Fr. Carmelo “Tito” Caluag told guests that the fabulous dinner held in the spacious lanai of the home of Bienvenido “Rico” Tantoco Jr. and wife Nena in Sta. Elena, Laguna, was just a “dry run.”
“You are actually our guinea pigs for next year when we do a (bigger) fundraiser for 125 people. But we’ll invite you again,” he said in jest.
Caluag—who also writes for Inquirer Lifestyle—was referring to Magna Anima Education System Inc., a nonprofit whose efforts to raise funds for a spiritual and leadership formation program focus on public school teachers, so they can forge a deeper connection with their students.
Magna Anima (great soul) aims to reach out to teachers and students in at least 125 public schools in the country by year 2023, the 125th anniversary of Philippine Independence.
Caluag, the project’s program lead guide, said it began in 2006 as a two-year program for principals and other school administrators.
In 2010 the program was extended to the faculty at the prodding of principals who noted its positive results. Magna Anima now offers a Master of Arts in Education, major in School Community Development.
Nena Tantoco said Caluag did not have to convince her to host the benefit dinner in her family’s neo-bahay-na-bato in Sta. Elena Golf and Country Estates that the locals fondly call Villa Marina in her honor.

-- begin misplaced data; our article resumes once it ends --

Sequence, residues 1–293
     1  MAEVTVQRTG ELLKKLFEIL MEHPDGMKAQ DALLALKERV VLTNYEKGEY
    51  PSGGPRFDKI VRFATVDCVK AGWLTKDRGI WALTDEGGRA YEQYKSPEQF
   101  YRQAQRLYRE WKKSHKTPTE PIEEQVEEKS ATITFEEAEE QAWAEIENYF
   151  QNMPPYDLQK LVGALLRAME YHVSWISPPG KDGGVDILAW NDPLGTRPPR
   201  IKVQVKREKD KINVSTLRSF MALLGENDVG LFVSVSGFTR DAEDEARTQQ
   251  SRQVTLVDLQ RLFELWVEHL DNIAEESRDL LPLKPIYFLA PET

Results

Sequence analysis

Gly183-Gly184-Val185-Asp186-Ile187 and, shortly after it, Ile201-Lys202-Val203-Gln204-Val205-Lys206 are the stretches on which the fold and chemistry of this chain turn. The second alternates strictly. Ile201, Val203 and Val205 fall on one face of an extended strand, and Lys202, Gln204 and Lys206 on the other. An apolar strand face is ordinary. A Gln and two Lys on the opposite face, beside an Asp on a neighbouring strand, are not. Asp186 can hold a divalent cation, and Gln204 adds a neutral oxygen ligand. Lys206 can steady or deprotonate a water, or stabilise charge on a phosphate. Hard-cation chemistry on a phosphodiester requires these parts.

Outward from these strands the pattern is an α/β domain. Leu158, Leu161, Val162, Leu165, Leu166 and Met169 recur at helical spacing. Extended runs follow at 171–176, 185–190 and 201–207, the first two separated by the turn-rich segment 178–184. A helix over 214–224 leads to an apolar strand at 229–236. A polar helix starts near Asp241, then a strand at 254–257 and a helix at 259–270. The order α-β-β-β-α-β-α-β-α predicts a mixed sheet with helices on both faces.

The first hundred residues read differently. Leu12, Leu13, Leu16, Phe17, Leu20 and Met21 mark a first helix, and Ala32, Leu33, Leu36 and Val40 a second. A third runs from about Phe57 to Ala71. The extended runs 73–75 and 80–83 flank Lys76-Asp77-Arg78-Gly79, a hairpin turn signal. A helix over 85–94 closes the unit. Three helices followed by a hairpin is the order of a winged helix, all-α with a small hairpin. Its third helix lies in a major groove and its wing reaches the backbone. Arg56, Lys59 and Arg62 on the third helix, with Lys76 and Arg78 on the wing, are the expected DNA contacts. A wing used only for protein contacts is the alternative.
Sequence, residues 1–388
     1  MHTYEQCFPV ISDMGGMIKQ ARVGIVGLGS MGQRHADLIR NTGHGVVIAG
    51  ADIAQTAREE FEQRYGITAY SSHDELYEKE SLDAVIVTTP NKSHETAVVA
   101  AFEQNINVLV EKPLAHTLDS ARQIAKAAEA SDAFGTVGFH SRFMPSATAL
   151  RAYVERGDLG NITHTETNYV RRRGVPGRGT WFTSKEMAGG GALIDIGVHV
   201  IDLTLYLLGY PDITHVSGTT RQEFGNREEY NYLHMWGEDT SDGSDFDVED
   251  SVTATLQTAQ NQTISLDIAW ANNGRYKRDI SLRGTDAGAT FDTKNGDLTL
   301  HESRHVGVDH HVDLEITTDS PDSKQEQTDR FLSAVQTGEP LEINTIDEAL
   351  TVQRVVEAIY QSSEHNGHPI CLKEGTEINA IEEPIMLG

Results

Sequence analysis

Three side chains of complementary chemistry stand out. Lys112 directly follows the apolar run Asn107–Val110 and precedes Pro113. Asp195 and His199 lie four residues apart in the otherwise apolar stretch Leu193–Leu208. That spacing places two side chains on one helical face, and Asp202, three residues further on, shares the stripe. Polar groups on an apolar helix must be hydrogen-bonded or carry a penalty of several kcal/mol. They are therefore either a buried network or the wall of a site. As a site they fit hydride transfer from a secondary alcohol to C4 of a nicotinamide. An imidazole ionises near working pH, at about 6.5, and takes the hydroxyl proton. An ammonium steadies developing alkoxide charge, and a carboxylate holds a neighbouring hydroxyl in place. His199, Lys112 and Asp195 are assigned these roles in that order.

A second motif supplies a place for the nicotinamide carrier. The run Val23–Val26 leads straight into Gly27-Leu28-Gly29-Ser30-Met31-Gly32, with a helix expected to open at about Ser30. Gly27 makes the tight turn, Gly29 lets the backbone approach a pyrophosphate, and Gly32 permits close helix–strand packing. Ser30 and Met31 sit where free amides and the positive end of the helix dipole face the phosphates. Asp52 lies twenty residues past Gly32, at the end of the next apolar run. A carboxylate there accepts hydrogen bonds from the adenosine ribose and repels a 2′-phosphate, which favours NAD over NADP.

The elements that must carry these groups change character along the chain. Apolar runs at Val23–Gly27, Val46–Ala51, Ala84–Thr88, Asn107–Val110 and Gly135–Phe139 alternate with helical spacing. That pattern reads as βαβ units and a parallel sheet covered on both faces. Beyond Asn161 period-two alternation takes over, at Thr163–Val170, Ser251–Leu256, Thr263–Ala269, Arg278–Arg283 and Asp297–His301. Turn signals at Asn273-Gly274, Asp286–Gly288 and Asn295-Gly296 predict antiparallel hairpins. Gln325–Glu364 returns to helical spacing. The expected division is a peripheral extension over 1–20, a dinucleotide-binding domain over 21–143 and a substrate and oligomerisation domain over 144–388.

“I’m supporting Fr. Caluag’s efforts because education is very necessary in our country. If people are educated, they will not remain poor,” she explained.
She is not alone in supporting Magna Anima’s endeavor. Chef Regis Saint-Geniez from the three-star Michelin restaurant Maison Bras in France and chef Booj Supe of the Manila-based Gourmet Garage volunteered their services for the benefit dinner.
The chefs and their staff occupied two of the three huge kitchens at Villa Marina where the energy and activity peaked as hungry guests cooled their heels at a late afternoon cocktail held on the roof deck.
Among the guests were newlyweds Dingdong and Marian Dantes; Ryan and Judy Ann Agoncillo; Bianca Gonzalez-Intal; Tantoco siblings; cousins and in-laws; family friends like the Borromeos; and Caluag’s friends among ABS-CBN honchos.
Also present were members of Caluag’s team in Magna Anima and the Ateneo Chamber Singers which rendered soulful gospel numbers during the anticipated Mass earlier that afternoon, and relaxing ballads at dinner.
Former ambassador to the Holy See Bienvenido Tantoco Sr. was the first to arrive, having rushed from his home in Makati City to catch Caluag’s Mass set for 5:30 p.m.
Minutes before the Eucharistic celebration, the elder Tantoco, whom Caluag described as an “active supporter” of Magna Anima, approached the priest and asked when it would start. “Ngayon na po sana, Tito Benny, eh, wala pang tao,” Caluag replied.
“Umpisa na tayo! Time na! Dapat on time,” the ambassador said, half-pleading.
His son Rico laughed when told about this. “The ambassador is really like that. He’s very strict about appointments and is always on time. He had always been like that especially when he was still at the Vatican,” he noted.